1. Plan ahead. Instead of going on auto-pilot, hold a family meeting to decide what the group really wants to do and who’s going to do what. Observe Lent for 40 days before Easter, possibly with a study/action/prayer guide or calendar.
2. Focus on relationships with family, friends and other people, and with God, rather that on “stuff.” Spend your time, energy and money nurturing people, not things.
3. For a symbol of Easter, look to Jesus’ resurrection. Bunnies, eggs and candy have been taken over by commerce. Do they tell the story you want to tell? Let’s tell the real stories of our faith and values. Reserve fertility rites for the first day of Spring, March 21st; Earth Day, April 22nd or May Day, May 1st.
4. Avoid debt and gluttony. Refuse to be pressured by advertising to over spend or over eat. Build community with a meal of mostly locally produced food – planned, prepared and cleaned up by the whole family.
5. Avoid stress. Give to yourself. Don’t assume that things have to be the same way they’ve always been. Make changes slowly but persistently. Don’t try to change everything and everybody all at once. The resistance may make you feel defeated and lonely.
6. If you need to give gifts, give appropriate ones. Get to know the recipient. Give what they want to receive, not what you want to buy. Give children one thing they really want, rather than many gifts. Set a price ceiling. Put gifts out shortly before
opening them. Then take turns opening them, not all at once, so that each gift can be admired and each giver thanked.
7. Give alternative gifts. Give at least 25% of what you spend to the needy… individuals or groups locally, nationally or internationally.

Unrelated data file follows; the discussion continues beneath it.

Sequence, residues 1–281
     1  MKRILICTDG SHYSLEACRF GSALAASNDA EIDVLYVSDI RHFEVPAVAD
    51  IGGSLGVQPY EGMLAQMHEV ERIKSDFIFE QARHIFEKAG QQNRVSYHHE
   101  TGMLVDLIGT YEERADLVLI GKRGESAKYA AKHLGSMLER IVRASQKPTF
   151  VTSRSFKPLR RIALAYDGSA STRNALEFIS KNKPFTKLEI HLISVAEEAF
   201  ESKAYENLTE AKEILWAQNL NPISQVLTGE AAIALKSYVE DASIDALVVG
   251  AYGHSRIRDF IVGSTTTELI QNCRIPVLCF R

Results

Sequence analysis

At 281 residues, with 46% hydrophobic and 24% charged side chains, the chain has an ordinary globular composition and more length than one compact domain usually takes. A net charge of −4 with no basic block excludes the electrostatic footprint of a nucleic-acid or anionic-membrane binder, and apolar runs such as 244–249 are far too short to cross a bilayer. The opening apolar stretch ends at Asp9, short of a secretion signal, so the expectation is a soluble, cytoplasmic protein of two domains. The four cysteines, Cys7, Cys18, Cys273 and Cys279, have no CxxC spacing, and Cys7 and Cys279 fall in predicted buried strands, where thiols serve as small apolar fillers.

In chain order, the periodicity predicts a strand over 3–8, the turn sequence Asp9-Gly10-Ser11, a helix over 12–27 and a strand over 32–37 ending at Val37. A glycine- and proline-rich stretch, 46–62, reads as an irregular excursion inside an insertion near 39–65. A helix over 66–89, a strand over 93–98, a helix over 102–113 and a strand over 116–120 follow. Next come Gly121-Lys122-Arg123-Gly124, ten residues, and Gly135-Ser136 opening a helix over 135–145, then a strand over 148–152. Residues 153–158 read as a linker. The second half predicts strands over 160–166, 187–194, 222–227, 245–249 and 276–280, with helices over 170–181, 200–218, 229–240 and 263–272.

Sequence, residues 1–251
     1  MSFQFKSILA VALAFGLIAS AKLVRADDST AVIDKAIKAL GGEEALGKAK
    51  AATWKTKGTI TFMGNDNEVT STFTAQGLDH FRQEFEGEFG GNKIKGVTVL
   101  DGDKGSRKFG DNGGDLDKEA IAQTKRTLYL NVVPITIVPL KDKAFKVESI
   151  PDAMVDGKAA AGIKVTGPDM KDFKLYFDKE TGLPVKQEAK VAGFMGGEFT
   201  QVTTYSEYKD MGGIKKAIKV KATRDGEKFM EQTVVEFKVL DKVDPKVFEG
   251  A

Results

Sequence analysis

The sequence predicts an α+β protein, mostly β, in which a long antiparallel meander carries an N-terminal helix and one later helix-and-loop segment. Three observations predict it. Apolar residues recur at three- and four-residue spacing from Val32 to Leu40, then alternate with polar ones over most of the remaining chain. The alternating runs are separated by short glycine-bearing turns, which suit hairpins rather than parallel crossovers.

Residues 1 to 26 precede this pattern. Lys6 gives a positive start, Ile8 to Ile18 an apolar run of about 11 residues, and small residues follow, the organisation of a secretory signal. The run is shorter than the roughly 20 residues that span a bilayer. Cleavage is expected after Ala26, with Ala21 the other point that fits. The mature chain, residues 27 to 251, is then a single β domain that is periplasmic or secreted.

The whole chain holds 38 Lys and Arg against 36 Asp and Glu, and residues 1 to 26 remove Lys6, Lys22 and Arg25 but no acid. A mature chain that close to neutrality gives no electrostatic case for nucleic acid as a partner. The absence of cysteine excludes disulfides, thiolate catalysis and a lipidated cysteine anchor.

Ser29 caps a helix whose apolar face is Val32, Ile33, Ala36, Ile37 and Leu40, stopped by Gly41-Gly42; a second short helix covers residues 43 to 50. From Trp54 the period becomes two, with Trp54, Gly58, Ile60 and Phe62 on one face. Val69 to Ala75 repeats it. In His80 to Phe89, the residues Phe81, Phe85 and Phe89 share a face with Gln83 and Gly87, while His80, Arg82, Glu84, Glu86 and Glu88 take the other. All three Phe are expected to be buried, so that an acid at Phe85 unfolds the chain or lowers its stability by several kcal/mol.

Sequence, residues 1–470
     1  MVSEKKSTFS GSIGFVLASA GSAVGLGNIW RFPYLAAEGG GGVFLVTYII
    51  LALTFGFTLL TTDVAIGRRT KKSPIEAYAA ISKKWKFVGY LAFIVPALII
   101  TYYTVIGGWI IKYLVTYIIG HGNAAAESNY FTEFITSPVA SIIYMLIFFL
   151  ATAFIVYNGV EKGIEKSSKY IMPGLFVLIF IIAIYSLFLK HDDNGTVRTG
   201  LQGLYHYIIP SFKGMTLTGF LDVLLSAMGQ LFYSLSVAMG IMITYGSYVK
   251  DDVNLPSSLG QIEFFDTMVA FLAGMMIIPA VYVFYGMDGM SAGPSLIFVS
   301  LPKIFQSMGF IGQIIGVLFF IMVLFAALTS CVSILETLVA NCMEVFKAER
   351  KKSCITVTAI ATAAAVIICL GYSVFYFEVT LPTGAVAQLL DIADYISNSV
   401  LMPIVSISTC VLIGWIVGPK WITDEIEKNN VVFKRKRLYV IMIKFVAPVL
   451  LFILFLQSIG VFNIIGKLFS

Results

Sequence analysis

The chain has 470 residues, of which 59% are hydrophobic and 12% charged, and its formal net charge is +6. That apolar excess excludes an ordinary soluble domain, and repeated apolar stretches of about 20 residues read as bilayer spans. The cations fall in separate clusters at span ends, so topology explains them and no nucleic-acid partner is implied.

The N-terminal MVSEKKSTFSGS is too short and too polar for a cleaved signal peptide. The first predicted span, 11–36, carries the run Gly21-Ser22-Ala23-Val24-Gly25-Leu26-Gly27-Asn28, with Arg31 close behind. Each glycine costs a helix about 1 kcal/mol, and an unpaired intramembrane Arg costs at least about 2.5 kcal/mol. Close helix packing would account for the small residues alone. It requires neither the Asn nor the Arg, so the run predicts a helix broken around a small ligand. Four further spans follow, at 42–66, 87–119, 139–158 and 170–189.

8. Give of yourself, not just “stuff” – a coupon book for future services (such as baby-sitting or an “enchanted evening”) or something baked, sewn, handmade, composed, etc. Consider more time for volunteering rather than entertainment. If you need to give cards, make your own.
9. If you need to buy gifts and clothing, buy those from developing countries at alternative gift markets, not from commercial importers, so that the artisans receive a fair price for their work. Avoid mass produced knickknacks, novelties and toys. Fancy,
expensive clothes are signs of status, not respect for God. In church they show an inappropriate blend of culture and faith. Decline to compliment people for their finery. Avoid the “ritual display of plenty” characteristic of the Easter fashion parades prevalent earlier in the century.
10. Choose simplicity of decoration over extravagance, for example, one modest, well-placed display instead of dozens of lilies in church or home. Avoid plastic and imported flowers and trimming.
NB: This article originally appeared in a publication by Alternatives for Simple Living in 1999. The publication is no longer available.